“I have to thank Bruce [Lack] and Woodstone Country Club for hosting us. This has been a phenomenal outing. It’s about the relationships and building community where we are. We’re all over the country and to have so many of our guys spread across the country focused on doing what’s best for their community and being a good citizen,” Brooks said. “It’s not going to money that we leave behind for our legacy, it’s not going to be fame, it’s going to be the relationships that we build with not only our family but also those in our community.”

One way Woodstone and Holtz’s Heroes were able to do that was by keeping the tournament intimate and prioritizing intimate relationships on the course rather than packing it in and maximizing profits.

“Normally we put out for 144 players plus the celebrities, and they try to jam in as many people as possible and raise as much money as they can,” Cruz said. “In this particular event, they really maxed it out at 100. They wanted it like that because they wanted to keep it intimate and they actually thought of the people paying money to play and meet these players.”

The dinner on June 2 was forced to go a bit off script when Holtz, who was unable to travel to the event after suffering a fall in his home, made sure to make his presence felt to the many Fightin’ Irish fans in attendance via a Zoom call. Holtz’s Heroes member alum and current development director at Mercy School for Special Learning, Mark Napierkowski, detailed how everything worked out to be mutually rewarding despite a last-minute audible much like Holtz’s improvised two-point conversion call to defeat Penn State in the “Snow Bowl” in 1992.

“We were rewarded with the satisfaction of knowing that he was proud of us and grateful and he was rewarded knowing that the mission of the organization is strong enough to go forward without his physical presence,” Napierkowski said. “I think the best way I can describe it is mutually rewarding.”

His “funny and heartfelt” speech that lasted around 20 minutes led into a five-man panel from the 1988 national championship team headlined by former Phillipsburg star and Notre Dame captain Ned Bolcar.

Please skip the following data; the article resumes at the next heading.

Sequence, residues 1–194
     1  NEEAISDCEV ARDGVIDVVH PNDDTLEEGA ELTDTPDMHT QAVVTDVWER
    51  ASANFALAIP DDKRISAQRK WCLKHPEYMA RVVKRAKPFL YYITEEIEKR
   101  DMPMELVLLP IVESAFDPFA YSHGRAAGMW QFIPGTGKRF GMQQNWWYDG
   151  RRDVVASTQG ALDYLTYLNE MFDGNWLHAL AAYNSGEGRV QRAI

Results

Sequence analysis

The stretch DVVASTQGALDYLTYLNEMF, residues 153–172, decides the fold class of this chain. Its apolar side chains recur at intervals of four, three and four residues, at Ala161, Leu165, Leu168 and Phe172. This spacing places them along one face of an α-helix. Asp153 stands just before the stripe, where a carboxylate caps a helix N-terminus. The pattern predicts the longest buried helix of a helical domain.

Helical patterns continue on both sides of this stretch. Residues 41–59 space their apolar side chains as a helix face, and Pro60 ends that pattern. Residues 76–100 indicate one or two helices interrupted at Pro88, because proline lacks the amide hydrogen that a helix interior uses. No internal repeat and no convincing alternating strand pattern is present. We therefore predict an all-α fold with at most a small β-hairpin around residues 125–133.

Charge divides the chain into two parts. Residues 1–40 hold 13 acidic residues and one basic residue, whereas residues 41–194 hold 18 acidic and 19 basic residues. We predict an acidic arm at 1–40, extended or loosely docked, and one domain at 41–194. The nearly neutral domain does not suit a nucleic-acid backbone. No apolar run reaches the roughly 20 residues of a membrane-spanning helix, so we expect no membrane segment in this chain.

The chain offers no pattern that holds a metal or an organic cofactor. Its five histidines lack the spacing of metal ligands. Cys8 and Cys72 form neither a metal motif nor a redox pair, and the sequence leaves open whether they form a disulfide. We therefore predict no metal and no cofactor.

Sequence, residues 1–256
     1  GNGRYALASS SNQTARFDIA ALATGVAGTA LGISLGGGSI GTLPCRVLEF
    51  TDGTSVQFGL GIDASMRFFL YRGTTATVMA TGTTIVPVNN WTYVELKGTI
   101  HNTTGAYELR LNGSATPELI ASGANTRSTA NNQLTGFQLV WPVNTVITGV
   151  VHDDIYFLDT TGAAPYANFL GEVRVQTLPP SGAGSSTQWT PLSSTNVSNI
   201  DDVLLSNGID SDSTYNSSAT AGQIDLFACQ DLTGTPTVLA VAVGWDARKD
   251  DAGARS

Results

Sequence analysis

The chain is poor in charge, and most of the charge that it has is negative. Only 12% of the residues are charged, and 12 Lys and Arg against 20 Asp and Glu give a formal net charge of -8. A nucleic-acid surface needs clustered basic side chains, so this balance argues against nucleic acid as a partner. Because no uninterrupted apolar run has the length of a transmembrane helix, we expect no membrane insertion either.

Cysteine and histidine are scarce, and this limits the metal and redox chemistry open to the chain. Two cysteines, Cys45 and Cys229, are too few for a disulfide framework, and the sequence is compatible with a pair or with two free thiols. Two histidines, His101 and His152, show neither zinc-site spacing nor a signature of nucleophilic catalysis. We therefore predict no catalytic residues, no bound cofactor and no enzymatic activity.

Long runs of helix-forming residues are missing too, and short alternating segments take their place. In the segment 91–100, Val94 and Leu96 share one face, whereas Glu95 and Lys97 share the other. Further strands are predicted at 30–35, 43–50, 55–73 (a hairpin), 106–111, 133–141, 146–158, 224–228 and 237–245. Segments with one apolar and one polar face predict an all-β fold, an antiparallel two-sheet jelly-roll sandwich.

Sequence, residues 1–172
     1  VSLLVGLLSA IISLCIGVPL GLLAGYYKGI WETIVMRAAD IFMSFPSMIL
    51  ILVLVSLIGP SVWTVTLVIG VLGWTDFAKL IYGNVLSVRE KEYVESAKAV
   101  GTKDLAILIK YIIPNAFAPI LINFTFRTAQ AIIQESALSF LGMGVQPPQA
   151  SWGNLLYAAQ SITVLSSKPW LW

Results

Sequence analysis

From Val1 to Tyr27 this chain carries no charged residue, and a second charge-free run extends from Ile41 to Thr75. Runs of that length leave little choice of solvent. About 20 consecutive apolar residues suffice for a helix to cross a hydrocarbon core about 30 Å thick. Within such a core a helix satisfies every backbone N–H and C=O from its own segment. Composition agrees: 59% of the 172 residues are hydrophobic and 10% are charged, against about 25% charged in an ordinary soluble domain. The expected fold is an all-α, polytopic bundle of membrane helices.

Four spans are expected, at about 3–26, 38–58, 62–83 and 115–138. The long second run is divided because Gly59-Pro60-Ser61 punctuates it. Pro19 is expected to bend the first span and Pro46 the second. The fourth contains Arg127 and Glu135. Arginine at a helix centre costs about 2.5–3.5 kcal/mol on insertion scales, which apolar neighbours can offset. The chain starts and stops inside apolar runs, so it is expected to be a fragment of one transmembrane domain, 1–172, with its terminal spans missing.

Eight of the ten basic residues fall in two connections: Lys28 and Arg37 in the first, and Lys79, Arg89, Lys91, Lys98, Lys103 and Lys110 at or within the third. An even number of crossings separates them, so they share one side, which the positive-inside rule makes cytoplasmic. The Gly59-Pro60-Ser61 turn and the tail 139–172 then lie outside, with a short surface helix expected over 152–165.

The two-time All-American linebacker was joined by Wes Pritchett, Reggie Ho, Tony Rice and Tim Grunhard who all discussed the tremendous impact Holtz had on them and how he assembled the unstoppable championship team in 1988.

“They all kind of told their story of how Lou Holtz captivated the family and how they trusted him to do right by their son,” Napierkowski said.

Brooks noted last month that Holtz always used to say if the players give him four years that he’ll take care of them for the next 40. Many of those players are seeing the fruit of that promise now that it’s nearly 40 years since his debut and Irish Legends 2024 exemplified that with a small event that made a huge impact at Woodstone Country Club.

“He always talked about doing the little things the right way. You can’t do the big things until you do the little things. This was a culmination of a lot of guys coming together and sharing their experiences but also sharing their talents, time and treasure with other people and letting them know that I’m no better than you, you’re no better than me, but when we work together, that’s where the power and strength lies,” Brooks said.

Derek Bast is a freelance writer who can be found on Twitter/X at @derek_bast or reached by email at derekbast11@gmail.com.